The Soul of Tragedy brings together top scholars to offer a wide range of perspectives on Greek tragedy. The collection pays homage to this ancient, enduring theatrical and literary genre by offering a deep exploration into the oldest form of dramatic expression. It is a reminder that, for all their years, these dramas still have much to teach us.
Exemplary of the nature and scope of this book, the essays range from Simon Goldhill's comparative study of music, gender, and culture to Martha Nussbaum's inspection of "the comic soul." Through the critical lenses of psychoanalysis, gender, social history, and philology, this compilation looks at Greek tragedy's peculiar power to illuminate the workings of the human soul. Structures of tragic meaning, the relationship between character desire and spectator experience, and investigations of tragedy's extraordinary preoccupation with gender reveal the form's emotional core and explain its rapid ascent through the hierarchy of cultural practices in classical Greece. The Soul of Tragedy is a celebration and a model of collaboration that will be essential reading for scholars in classics, literature, and drama.
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About the Author
Victoria Pedrick is associate professor in the Department of Classics at Georgetown University. Steven M. Oberhelman is professor in the Department of European and Classical Languages at Texas A&M University.
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The Soul of Tragedy
Essays on Athenian Drama
The University of Chicago Press
Copyright © 2005
The University of Chicago
All right reserved.
Chapter One THE GEOMETRY OF SUFFERING
Aristotle on the Tragic Emotions
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In this paper I review once more the role of the emotions in tragedy according to Aristotle, a subject that always engaged the interest of Charles Segal. Although I have touched on this subject elsewhere in one or another context, in some respects I have altered my earlier opinions and in others feel that I did not go sufficiently deeply into the problem at hand. I take this opportunity to revisit some of these issues, in the hope of shedding light on questions that still perplex me. In particular I challenge the idea that pity is a form of identification and question whether tragic fear is fear for another, as opposed to fear for oneself, although the latter is a component of pity, according to Aristotle. I then look at a third response to tragedy mentioned by Aristotle, to philanthropon. I argue that this term indeed signifies sympathy for the pain of another, irrespective of desert. Just as pity, for Aristotle, is the opposite of indignation (to nemesan), so too to philanthropon may be seen as the missing opposite of the nonmoral emotion of phthonos or envy.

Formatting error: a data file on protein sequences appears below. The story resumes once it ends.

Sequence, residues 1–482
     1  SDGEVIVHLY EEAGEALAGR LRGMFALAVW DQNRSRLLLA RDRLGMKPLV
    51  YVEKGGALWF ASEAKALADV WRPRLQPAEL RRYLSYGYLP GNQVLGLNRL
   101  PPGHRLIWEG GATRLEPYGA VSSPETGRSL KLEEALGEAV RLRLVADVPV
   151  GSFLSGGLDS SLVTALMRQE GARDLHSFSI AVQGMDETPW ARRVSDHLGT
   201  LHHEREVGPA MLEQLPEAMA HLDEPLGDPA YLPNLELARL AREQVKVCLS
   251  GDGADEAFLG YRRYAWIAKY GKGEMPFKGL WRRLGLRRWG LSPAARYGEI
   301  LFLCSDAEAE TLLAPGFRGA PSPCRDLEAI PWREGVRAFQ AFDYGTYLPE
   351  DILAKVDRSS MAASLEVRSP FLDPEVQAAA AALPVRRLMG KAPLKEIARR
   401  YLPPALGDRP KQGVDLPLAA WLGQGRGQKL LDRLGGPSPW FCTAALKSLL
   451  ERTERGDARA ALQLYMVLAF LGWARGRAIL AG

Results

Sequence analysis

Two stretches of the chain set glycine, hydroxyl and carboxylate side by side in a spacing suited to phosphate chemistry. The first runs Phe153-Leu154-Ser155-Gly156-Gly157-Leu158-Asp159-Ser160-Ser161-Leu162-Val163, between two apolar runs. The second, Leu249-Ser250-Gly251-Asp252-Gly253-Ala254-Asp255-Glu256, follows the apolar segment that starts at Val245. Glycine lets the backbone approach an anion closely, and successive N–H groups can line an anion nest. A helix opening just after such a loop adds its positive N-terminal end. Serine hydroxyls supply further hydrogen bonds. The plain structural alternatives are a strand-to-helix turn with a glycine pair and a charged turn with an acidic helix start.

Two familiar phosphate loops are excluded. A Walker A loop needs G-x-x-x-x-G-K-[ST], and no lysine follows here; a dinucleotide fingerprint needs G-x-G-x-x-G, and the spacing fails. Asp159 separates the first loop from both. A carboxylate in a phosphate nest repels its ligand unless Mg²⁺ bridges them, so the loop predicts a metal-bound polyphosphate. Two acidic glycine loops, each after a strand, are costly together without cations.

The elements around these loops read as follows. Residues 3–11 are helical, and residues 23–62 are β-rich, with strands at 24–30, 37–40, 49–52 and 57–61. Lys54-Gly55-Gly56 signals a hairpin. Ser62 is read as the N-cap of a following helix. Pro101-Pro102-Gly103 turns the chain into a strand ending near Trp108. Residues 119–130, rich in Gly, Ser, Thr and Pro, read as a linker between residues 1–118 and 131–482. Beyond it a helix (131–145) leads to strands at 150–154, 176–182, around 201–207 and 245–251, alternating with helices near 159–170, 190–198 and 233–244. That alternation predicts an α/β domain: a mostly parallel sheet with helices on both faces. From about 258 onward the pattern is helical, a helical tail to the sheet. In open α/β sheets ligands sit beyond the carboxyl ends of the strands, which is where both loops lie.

Aristotle's definition of pity in the Rhetoric-the locus of his most extensive investigation of the nature of the pathe or emotions-runs as follows: "Let pity be a pain arising from a perceived evil that is destructive or painful, in a person who does not deserve to meet with it-an evil that one may expect either to suffer oneself, or that someone of one's own may do so; and this, when the evil appears near" (Rhet. 2.8.1385b13-15). Because we must be able to anticipate the possibility of suffering a like misfortune to that which afflicts the person who is pitied, pity requires that we be vulnerable. Hence, as Aristotle continues, those who have lost everything are incapable of feeling pity, because they do not expect that any further adversity will befall them. For the same reason, those who are well off and confident that they will continue to prosper are immune to pity (2.8.1385b15-23). Aristotle also points out that there must be a certain distance between the pitier and the pitied. We pity acquaintances when they suffer a catastrophe, but when it befalls someone who is closely related, for example, one's own child, the result is not pity but rather what Aristotle calls to deinon, or "horror." And horror, Aristotle observes, tends to drive out pity (2.8.1386a.22-24; Halliwell 2002, 215-16).
We can see why Aristotle distinguishes between people we know and those who are kin or dear ones in regard to the possibility of pity. In the definition of pity, Aristotle had already said that pity is reserved for those kinds of evils that might afflict us or ours. Those nearest to us are, as it were, an extension of ourselves, and their misfortune affects us exactly as does our own. Our kin are part of the same substance as we, as Aristotle puts it in the Nicomachean Ethics (8.12.1161b17-19), and friends, in Aristotle's famous expression, are another self. If, as Aristotle argues, "In general, one must presume that people pity just those things, when they happen to others, that they fear when they happen to themselves" (Rhet. 2.8.1386a27-29), then fear rather than pity will also result when such things happen-or rather threaten to happen-to those closest to us, for they are more like a part of ourselves than like distinct beings.